JOHANNESBURG, South Africa – South African President Cyril Ramaphosa has eased restrictions aimed at combating the coronavirus pandemic to the country’s lowest alert level, the second such loosening this month as the country looks to open up its economy ahead of the summer holiday season.
In a televised address, Ramaphosa announced the country would move down one level in a five-tier system of restrictions, where five is the highest, to an “adjusted level 1” as South Africa emerges from its third wave dominated by the Delta variant of the virus.
“The current trends in the progression of the pandemic mean that a number of the restrictions in place can be eased,” Ramaphosa said.
In addition to relaxing a curfew, now in place from midnight to 4AM, Ramaphosa announced that the maximum number of people permitted to gather outdoors will increase to 2,000 from 500, while the maximum number of people allowed at funerals could double to 100.
However, with local government elections set for November 1, Ramaphosa urged people to get vaccinated to help prevent a resurgence of infections, as vaccine hesitancy crimped an inoculation programme that has struggled to get out of the starting blocks.
“Campaign activities pose the greatest risk to a surge in new infections,” he said, adding that should South Africa reach its target of vaccinating 70 percent of its adult population by December, an estimated 20,000 lives could be saved.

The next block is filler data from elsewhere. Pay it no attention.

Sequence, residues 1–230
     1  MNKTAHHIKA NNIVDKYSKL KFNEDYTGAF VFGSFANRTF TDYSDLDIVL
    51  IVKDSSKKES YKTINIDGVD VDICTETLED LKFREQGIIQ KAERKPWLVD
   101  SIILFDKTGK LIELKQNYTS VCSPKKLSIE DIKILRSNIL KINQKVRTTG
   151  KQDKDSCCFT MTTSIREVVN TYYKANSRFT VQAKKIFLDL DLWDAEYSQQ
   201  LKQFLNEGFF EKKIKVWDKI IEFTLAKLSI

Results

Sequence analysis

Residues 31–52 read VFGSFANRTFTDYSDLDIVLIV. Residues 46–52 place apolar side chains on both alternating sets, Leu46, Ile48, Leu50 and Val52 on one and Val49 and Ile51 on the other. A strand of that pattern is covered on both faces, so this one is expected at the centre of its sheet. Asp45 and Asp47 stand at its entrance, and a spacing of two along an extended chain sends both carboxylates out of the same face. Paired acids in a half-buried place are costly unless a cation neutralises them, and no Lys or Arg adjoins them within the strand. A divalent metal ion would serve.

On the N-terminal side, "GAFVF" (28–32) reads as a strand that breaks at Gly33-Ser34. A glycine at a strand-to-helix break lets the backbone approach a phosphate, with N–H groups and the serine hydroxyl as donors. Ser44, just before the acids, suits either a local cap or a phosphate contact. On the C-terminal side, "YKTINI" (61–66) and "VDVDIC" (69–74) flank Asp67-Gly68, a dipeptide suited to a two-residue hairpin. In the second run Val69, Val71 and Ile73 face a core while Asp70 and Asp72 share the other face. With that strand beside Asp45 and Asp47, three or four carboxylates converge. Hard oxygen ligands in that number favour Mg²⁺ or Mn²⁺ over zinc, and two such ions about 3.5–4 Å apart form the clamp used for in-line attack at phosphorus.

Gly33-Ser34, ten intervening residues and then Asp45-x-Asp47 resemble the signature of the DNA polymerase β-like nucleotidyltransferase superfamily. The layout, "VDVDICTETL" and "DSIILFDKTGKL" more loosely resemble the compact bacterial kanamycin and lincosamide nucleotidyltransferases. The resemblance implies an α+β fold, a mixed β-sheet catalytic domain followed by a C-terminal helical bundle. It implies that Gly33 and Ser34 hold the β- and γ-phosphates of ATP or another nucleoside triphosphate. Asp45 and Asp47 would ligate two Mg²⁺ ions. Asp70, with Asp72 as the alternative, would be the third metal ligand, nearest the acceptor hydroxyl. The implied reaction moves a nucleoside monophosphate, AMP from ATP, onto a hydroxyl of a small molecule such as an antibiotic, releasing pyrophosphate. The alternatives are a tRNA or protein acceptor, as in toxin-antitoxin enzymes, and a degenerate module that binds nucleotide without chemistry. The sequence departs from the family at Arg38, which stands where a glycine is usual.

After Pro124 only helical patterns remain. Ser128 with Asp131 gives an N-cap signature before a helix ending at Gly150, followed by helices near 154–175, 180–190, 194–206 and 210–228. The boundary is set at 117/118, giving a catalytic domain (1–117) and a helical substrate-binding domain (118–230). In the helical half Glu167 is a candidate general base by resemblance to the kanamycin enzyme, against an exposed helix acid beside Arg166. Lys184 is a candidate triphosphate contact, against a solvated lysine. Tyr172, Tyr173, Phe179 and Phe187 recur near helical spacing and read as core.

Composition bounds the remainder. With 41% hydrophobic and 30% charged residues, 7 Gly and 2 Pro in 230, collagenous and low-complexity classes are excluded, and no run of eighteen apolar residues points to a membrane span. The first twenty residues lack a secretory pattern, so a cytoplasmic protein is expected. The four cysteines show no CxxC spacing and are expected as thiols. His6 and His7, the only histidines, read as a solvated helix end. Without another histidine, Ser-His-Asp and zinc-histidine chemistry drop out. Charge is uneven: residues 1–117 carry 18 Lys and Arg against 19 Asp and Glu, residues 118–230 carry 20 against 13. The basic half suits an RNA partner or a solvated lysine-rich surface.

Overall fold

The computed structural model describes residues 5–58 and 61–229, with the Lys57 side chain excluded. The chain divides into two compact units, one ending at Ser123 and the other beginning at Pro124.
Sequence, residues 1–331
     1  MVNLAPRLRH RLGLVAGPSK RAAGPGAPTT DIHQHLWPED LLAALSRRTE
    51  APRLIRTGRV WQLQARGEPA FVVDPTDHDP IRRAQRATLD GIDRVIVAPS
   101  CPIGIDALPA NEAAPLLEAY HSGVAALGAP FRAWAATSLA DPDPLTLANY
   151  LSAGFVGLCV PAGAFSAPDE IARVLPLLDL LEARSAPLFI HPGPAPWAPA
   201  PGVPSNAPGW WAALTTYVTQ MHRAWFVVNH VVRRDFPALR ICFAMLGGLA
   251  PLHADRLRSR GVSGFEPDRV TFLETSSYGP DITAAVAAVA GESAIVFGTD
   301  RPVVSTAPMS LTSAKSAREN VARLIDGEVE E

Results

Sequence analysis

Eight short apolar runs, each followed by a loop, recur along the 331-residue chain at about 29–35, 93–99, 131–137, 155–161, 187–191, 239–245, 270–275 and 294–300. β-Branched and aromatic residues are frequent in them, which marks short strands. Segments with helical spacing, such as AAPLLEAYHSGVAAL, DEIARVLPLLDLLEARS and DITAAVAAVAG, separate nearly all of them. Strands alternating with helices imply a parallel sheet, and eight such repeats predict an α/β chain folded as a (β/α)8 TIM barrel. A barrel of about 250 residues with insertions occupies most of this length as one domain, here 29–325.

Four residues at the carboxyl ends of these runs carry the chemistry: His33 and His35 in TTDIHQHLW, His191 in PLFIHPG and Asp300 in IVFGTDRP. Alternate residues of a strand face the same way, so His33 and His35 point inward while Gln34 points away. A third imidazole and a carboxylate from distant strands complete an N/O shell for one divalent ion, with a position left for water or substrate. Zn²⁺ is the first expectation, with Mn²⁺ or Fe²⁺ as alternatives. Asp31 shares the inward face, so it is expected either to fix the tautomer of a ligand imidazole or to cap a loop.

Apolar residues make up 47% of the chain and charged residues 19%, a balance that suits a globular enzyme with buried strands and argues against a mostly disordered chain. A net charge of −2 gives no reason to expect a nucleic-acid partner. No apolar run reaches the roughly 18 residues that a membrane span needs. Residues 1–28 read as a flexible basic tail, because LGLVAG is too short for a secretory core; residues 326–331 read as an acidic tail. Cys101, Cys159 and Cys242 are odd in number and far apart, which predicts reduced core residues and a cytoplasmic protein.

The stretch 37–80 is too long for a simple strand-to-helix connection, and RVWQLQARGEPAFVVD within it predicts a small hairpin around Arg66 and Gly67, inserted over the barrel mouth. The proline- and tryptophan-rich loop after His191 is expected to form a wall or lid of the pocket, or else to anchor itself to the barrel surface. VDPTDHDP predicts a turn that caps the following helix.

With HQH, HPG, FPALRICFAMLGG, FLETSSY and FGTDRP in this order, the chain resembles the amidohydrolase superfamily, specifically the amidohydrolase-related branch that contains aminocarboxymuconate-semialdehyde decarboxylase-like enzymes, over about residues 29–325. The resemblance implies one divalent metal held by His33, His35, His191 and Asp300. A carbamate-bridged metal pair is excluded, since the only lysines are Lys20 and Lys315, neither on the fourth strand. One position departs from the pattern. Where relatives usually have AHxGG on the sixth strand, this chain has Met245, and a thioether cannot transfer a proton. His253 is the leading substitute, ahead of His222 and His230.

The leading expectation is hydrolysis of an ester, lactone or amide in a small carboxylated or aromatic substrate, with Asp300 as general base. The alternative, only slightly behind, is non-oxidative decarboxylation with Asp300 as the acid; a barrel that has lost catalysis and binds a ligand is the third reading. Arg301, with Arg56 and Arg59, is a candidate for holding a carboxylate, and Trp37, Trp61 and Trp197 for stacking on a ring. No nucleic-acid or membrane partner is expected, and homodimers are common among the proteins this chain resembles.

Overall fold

Thus far around 8.6 million people, or more than one-fifth of all adults, have been fully vaccinated, he said.
South Africa’s third wave appears now officially over, with new cases falling from over 20,000 a day during the wave’s peak to an average of just over 1,800 per day over the last seven days.
Ramaphosa warned that the vaccination programme in South Africa — the worst-hit country in Africa by the virus — was still “far too slow” and urged South Africans to get vaccinated if they want to return to a normal way of life.
He said South Africans might soon be able to attend sports events, music concerts and other cultural events, which have all been off-limits since the pandemic began, but only if vaccination rates increase.
South Africa set itself a target of administering between 300,000 and 400,000 doses a day but has been averaging around 150,000 daily in recent weeks. Africa’s most developed economy has fully vaccinated less than 15 percent of its 60 million people and has recorded more than 2.9 million virus cases and more than 87,000 deaths from Covid-19.
South Africa will now administer vaccines on weekends, which it hasn’t previously, to get the numbers up.
Ramaphosa also said the government would introduce a national vaccine certificate, possibly giving notice that businesses, places of worship and bars and restaurants might soon require a vaccine certificate for entry.